This article needs additional citations for verification. (April 2012) (Learn how and when to remove this template message)
KMS, an abbreviation of Knowledge Management System, was a commercial second generation hypermedia system, originally created as a successor for the early hypermedia system ZOG. KMS was developed by Don McCracken and Rob Akscyn of Knowledge Systems, a 1981 spinoff from the Computer Science Department of Carnegie Mellon University.
The purpose of KMS was to let many users collaborate in creating and sharing information within large, shared hypertext, and from the very beginning, the system was designed as a true multi-user system.
As a spatial hypermedia system, KMS was intended to represent all forms of explicit 'knowledge artifacts' such as presentations, documents, databases, and software programs, as well as common forms of electronic communication (electronic mail, community bulletin boards, blogs).
The central element in the KMS data model is that of screen-sized pages (called "frames") interconnected by links. The user had the option (at any time) of switching between a view of a single frame (good for large, landscape-oriented diagrams) or two side-by-side half-screen views (suitable for two portrait-sized pages).
Frames are always fixed-size, meaning scrolling is not needed. The frame model is spatial rather than character based, so that text, graphics and images may always be placed anywhere in the frame, even overlapping one another. Another way to say this is that empty space in the frame actually denotes space, not (as in many text editors) just the absence of content. Frames being fixed in size scrolling as a form of interaction is eliminated (as the designers felt that scrolling is suboptimal) opting instead for larger aggregates such as documents and programs to be structured as hierarchies (or more generally, lattices) of hypermedia nodes. This flexibility makes it possible to create a document, search, run programs from a tree of frames starting at any frame.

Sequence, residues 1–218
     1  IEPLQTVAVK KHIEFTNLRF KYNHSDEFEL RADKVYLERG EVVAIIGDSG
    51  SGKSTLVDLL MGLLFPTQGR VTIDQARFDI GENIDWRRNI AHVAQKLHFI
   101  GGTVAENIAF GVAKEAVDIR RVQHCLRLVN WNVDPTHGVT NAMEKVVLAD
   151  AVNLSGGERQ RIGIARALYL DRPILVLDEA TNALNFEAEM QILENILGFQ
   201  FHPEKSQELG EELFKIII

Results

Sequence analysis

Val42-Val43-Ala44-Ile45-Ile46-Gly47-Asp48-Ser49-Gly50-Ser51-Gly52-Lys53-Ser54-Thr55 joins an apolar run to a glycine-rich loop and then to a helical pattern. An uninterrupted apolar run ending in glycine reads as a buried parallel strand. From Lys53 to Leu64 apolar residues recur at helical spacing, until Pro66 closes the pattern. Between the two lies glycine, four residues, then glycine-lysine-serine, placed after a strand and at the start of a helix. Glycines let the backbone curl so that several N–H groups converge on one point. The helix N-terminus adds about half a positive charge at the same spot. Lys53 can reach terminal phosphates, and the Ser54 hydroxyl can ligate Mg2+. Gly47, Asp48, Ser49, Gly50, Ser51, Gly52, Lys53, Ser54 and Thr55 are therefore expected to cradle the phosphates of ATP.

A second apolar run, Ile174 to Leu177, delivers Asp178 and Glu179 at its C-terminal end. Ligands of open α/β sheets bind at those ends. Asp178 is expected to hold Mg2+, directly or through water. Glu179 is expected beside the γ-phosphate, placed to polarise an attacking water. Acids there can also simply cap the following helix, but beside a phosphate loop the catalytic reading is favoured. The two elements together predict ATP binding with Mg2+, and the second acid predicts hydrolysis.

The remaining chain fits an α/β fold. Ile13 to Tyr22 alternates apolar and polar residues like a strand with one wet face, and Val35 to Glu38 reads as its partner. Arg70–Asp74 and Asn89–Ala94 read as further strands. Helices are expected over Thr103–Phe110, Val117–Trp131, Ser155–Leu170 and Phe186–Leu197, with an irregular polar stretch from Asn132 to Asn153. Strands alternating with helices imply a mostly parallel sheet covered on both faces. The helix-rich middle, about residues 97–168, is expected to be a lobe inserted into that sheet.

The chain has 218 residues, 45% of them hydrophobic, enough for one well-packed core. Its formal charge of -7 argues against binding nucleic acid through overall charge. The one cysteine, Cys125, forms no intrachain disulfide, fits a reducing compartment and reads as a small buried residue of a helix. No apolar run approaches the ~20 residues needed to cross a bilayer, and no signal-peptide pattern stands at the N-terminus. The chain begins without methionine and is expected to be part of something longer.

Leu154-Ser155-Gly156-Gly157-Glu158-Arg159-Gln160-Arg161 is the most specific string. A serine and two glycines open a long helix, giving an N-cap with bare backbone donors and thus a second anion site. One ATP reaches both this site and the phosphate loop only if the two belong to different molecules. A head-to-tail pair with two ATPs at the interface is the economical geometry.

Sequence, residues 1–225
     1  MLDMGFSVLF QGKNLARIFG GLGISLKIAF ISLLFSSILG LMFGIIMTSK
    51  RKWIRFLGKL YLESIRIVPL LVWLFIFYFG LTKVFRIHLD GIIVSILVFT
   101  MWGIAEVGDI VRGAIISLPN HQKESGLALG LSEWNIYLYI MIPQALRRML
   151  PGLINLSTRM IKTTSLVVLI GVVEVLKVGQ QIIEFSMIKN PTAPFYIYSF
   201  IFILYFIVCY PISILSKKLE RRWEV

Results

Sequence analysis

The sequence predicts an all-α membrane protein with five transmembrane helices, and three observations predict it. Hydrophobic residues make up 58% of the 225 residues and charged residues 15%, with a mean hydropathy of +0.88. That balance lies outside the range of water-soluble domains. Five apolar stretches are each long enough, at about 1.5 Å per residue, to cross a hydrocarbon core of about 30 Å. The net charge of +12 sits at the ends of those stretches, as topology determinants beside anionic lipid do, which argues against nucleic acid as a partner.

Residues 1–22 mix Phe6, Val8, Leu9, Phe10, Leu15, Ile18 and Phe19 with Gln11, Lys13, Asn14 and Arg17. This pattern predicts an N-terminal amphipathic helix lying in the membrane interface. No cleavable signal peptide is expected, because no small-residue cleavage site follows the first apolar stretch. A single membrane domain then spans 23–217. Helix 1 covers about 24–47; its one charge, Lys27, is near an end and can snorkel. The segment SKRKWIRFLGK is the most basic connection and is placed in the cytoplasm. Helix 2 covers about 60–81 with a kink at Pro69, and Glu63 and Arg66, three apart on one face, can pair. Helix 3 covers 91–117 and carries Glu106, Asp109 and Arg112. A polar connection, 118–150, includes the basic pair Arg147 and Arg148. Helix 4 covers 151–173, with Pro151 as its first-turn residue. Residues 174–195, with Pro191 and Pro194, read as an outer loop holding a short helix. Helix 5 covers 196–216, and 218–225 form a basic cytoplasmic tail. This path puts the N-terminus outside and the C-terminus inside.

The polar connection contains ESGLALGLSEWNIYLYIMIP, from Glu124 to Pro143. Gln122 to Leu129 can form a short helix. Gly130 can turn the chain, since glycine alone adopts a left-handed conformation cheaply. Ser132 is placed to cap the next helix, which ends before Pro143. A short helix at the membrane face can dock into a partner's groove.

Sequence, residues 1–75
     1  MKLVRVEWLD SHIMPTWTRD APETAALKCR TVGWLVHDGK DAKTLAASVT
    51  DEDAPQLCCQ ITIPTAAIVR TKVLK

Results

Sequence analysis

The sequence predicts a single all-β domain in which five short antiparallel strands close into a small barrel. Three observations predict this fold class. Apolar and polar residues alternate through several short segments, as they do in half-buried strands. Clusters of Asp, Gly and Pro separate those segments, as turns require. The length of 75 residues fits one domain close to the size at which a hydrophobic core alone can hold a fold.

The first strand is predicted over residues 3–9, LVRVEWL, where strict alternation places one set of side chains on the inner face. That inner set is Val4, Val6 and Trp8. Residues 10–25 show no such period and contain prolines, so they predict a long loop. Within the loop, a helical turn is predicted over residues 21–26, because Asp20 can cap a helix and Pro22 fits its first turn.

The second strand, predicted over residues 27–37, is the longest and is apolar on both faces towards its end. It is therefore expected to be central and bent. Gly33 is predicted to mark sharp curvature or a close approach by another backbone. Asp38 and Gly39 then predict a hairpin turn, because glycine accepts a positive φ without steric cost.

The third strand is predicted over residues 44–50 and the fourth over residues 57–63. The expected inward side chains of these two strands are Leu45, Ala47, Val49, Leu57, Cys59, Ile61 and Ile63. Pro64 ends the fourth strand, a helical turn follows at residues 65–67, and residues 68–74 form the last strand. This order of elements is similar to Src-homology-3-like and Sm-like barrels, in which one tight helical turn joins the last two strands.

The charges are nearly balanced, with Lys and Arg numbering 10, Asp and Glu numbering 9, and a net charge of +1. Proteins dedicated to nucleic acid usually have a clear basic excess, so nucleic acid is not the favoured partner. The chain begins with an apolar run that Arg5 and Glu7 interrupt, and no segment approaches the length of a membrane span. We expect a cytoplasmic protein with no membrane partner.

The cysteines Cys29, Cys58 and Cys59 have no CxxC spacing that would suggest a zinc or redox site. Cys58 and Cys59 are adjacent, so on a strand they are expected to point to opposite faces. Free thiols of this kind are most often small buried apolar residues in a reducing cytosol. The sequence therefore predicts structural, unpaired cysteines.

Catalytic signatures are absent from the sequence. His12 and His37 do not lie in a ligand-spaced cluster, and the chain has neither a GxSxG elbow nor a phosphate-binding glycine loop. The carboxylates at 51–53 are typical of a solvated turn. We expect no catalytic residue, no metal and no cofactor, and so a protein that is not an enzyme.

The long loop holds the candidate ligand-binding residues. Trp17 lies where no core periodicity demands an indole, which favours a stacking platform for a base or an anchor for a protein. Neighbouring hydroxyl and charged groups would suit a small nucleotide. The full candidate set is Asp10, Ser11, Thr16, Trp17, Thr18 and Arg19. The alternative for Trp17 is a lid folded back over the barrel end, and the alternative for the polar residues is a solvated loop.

In KMS, links are one way and are embedded in frames. They may go from any text item, point, graphical entity, or image in the source frame to any destination frame. In addition to links, frame items can also have actions, allowing the use to activate programs that extend the intrinsic functionality of the system.
A major distinction between KMS and current web practices is the distinction between regular items and "Annotation Items" (text items prefaced by the "@" characters). Annotation items have the connotation of being peripheral or meta-level, relative to the rest of the contents, making it easy (and apparent) as to what was regular content versus just notes to oneself or comments by others (including by programs). Annotation items with links thus have the connotation of being arbitrary cross-references (a la "See Also...") and thus are not seen by users, and more especially agents, as part of the hierarchical structure of the hypertext.
Another major distinction between KMS and current web practices is the elimination of a separate editor mode. Navigation and editing functionality is always directly available and users can edit any frame for which they have permission. Authors can even protect frames from inadvertent editing even by themselves. Older versions of frames are saved in 'comet-like' linked list so one can see the history (and time spent) for any individual frame (and more generally, those in any tree).
KMS was originally written in Pascal and C, roughly 300,000 lines of code in size. A more modern, Java-based follow-on to KMS (called "Expeditee") is being developed at the Computer Science Department of the University of Waikato in New Zealand, by Rob Akscyn, one of the original developers of KMS.